Sales in Durham Region came in at 564 units, down 10.7% from October and 44% from
November of 2021. The notable decrease in sales is due, in large measure, to the increased
costs of borrowing money. Inventory levels remained consistent, however, with last year’s
numbers with 1,037 new listings on the market compared to 1,044 at this time last year.
Interestingly, an interest rate of 5.25% today, compared to a rate of 1.99% in February shaves
$300,000 off the sale price of a home to maintain the same payment. The crisis in housing
facing us is one of affordability and this is a result of a lack of supply. So far, governments have
proven themselves unable to improve the situation. With increased immigration fostered at the
federal level, this problem is projected to both continue and worsen.
Over the past 2 years, prices escalated dramatically due to high demand and low inventory
although many buyers simply could not afford to get into the market with the dramatic run-up in
prices. The government stepped in to cool prices, along with inflation generally. Even though
prices have decreased, affordability hasn’t increased, due to the higher cost of money. Those
people that could’nt buy before when rates were low, still can’t buy due to higher borrowing
costs. The decrease in prices has not been enough to compensate for the increased cost of
The real problem is the future. When rates eventually decrease, buyers will flood back into the
market and prices will again skyrocket due to there not being enough homes to meet the
demand. Government policy of increasing immigration without addressing housing supply feeds
into this conundrum. Federal and provincial policies do not match what’s happening on the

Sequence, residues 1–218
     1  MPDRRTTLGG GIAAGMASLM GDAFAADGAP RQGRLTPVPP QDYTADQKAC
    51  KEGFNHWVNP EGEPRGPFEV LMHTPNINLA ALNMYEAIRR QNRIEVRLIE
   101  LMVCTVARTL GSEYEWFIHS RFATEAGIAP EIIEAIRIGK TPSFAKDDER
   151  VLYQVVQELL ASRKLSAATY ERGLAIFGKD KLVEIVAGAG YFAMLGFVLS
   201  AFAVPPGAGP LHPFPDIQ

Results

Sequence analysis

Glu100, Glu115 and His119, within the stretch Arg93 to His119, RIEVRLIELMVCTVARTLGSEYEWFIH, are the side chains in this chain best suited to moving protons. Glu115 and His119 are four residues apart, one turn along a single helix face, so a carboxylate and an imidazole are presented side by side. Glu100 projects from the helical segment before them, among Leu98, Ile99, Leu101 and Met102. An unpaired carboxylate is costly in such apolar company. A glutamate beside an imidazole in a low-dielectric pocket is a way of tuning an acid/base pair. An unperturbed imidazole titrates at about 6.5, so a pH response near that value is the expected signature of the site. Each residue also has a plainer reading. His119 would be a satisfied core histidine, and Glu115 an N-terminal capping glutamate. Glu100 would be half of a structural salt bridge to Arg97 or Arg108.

ground and the problems created have spilled over to the rental market, which is a mess!
The Average Price in Durham was $892,677 in November representing a 10.6% decrease from
a year ago. Compared to the drop in sales numbers, that is not a bad statistic at all.
Sale Price to List Price stood at 100%, reflecting tight inventory and decent demand. The
Average Days On Market was 17 and months of inventory stood at 1.8 months. Sales to New
Listings came in at 54.4%, comfortably in balanced market territory.
Sales for the Year To Date came in at 9,500, down 32% from Last Year’s Year to Date Sales of
While Williams & Follows had their best year ever, we cringe at the difficulty our young
Canadians face in getting that first roof over their heads and this includes our own sons and
daughters. Clearly the policies put in place over past decades don’t favour this cohort OR,
buyers need to modify their expectations. Maybe you need to start out in that condo, then move
up to a townhome and finally, a detached home if that’s the dream. When starting out, the
primary push should be toward getting a roof, any roof, over your head so that you’re paying
yourself and not the landlord. Over time, the increased equity you build up will propel you into
the next, larger home. More Canadians have built wealth this way than by any other method.